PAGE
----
By Rodney Pelletier
A parish priest is telling an LGBT group they are "no longer welcome to exist" at the parish.
Father Gordon Mann, the pastor of St. Mary parish in Evansville, Ind., told Rainbow Catholics in Christ (RCC) they can't hold their monthly meetings at the parish, which they had been doing for 12 years, because they don't support Catholic Church teaching. The priest told the group in February, but RCC made it public last week.
The letter indicated the group could stay if they conform to the approved Catholic model used by the group Courage/Encourage.
Courage helps people who struggle with same-sex attraction (SSA) to live according to Catholic moral teaching. It encourages chastity, dedication to genuine Catholic spirituality and the frequent reception of the sacraments of confession and the Holy Eucharist. It also inspires members to help others struggling with SSA and to give a good example.
RCC members, however, don't want to run the group that way. The group's leader, Wally Paynter, maintains "spiritual and psychological harm" would be done to members if they followed the Church-approved Courage/Encourage guidelines.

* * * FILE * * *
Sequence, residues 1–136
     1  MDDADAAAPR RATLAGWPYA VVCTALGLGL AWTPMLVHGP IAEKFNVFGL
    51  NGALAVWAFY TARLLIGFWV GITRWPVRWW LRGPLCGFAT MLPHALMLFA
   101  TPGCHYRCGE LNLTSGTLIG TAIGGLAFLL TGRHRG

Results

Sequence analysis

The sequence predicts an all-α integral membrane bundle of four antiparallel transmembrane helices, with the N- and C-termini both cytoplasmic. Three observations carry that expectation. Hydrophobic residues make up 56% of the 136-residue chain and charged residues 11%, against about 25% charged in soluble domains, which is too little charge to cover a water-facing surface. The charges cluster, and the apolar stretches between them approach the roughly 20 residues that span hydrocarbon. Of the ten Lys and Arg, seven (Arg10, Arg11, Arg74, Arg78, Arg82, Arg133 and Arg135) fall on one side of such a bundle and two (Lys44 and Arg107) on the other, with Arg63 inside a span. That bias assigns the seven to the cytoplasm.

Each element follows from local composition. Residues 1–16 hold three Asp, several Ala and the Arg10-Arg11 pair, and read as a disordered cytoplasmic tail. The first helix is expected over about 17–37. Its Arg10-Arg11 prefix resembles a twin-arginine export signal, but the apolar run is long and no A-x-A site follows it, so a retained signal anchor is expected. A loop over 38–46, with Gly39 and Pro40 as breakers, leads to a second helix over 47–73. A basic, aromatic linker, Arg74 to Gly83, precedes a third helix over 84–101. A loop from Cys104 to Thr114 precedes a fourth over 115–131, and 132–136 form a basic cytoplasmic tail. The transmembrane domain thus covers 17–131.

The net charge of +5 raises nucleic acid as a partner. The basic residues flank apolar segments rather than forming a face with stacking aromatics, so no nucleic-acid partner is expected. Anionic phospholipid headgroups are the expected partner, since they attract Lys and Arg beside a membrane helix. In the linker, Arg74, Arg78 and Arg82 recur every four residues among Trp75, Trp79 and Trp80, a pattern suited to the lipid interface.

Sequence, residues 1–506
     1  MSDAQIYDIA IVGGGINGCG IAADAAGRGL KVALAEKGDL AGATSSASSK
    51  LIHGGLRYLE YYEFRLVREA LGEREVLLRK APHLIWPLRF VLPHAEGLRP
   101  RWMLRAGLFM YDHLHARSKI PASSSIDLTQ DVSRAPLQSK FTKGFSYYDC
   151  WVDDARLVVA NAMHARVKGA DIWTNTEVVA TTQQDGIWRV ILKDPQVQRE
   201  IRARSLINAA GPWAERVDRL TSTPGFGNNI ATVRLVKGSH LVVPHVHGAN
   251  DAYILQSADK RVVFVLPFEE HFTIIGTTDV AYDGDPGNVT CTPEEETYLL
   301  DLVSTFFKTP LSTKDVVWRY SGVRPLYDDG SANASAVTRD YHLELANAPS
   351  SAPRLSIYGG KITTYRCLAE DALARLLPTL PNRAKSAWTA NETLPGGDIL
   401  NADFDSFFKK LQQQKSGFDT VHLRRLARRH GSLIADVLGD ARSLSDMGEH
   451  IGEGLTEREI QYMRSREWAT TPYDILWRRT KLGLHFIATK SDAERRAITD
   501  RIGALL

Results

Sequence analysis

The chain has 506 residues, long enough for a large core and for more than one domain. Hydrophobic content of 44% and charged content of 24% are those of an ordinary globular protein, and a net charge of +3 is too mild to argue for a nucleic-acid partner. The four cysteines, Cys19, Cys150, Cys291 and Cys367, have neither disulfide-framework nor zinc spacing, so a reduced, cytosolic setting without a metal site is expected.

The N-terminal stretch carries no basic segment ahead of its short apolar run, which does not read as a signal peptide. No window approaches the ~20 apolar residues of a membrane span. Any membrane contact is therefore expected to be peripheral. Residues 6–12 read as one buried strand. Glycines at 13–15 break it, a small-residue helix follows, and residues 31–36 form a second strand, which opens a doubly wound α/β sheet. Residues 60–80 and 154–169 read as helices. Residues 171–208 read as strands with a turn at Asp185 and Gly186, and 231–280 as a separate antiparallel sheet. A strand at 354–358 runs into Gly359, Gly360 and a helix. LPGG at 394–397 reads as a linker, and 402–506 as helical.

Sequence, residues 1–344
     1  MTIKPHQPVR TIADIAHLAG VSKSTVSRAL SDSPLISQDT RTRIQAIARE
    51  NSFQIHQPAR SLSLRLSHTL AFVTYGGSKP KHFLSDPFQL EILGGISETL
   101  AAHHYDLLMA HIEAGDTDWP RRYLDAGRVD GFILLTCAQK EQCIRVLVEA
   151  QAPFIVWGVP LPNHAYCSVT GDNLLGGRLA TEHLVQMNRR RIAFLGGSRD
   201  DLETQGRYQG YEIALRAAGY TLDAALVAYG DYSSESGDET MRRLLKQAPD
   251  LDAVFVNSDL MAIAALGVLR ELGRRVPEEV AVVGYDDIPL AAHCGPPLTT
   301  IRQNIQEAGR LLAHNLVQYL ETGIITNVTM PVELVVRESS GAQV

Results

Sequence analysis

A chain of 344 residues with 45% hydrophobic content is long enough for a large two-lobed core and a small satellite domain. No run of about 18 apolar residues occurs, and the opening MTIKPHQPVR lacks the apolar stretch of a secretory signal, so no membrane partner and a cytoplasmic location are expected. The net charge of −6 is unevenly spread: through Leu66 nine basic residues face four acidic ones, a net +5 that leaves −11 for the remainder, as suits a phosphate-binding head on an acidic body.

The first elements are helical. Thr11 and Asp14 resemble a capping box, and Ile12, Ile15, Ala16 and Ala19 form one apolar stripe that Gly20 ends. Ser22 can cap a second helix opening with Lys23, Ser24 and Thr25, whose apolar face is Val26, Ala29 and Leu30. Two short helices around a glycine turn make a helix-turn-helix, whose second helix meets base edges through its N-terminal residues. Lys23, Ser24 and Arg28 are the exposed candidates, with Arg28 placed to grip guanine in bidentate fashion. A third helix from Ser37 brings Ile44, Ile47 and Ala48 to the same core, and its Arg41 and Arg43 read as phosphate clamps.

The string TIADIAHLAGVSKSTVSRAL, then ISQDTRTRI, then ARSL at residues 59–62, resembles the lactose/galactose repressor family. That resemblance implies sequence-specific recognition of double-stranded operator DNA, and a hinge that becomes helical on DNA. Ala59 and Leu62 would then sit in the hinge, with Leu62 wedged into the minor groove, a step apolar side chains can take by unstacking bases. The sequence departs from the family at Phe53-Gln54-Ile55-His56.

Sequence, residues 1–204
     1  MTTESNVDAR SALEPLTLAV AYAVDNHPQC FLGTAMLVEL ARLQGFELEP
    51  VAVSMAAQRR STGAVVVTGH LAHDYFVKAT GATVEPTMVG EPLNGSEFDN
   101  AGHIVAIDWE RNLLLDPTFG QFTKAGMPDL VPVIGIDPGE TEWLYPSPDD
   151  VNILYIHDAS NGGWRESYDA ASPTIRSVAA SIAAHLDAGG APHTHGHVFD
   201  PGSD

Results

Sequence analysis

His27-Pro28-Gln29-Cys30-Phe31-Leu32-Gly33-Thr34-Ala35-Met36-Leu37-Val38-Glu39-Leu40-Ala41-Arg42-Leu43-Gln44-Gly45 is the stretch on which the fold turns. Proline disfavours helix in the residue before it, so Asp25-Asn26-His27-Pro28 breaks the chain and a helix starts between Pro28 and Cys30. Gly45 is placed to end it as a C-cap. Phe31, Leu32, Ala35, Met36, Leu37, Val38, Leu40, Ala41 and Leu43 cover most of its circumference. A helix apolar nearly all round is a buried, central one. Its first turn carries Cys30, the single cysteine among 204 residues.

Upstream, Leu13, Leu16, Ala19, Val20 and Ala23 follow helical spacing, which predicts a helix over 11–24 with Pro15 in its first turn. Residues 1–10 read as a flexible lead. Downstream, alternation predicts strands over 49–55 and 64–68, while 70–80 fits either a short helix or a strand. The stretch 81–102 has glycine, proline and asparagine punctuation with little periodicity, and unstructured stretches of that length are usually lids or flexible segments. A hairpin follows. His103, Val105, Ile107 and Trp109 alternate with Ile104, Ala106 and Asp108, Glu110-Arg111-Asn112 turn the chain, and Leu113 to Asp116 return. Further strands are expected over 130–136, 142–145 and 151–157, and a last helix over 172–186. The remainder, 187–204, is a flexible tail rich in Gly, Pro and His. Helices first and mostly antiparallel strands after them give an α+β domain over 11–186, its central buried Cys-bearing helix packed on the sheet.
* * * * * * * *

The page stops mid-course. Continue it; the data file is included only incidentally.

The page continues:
The RCC has been pushing for people to accept homosexuality, which the Catholic Church teaches is "intrinsically disordered." People who speak at RCC functions include members of New Ways Ministry, a dissident Catholic group that has been censured by several American bishops and the Vatican. Among other things, they support Catholic acceptance of homosexual activity.
After the group left the parish they met at the local library and have found a new home at St. Lucan United Church of Christ.
A parishioner and member of RCC complained that up to now, St. Mary's "has been known as a safe space for all people, including LGBT+ Catholics. This is no longer the case." She also maintains the group has operated "openly for 12 years with the knowledge and consent of multiple pastors."
The diocese of Evansville released a statement saying: "The Church's respect for the dignity of every person as created in the image of God has remained consistent throughout time. Outreach to people across society — including the LGBT community here in the Tri-State and across the world — continues to be founded in that respect for the sacredness of every person. All are welcome."
ChurchMilitant.com has contacted the diocese, asking why the group has been allowed to exist on Catholic church property for 12 years. As of press time there has been no response.
Another member, Kelley Coures, says, "The group has an option to go and find a place that wants them and will celebrate them. They have an opportunity to grow into something else, but I'd hate for them to lose their Catholic identity."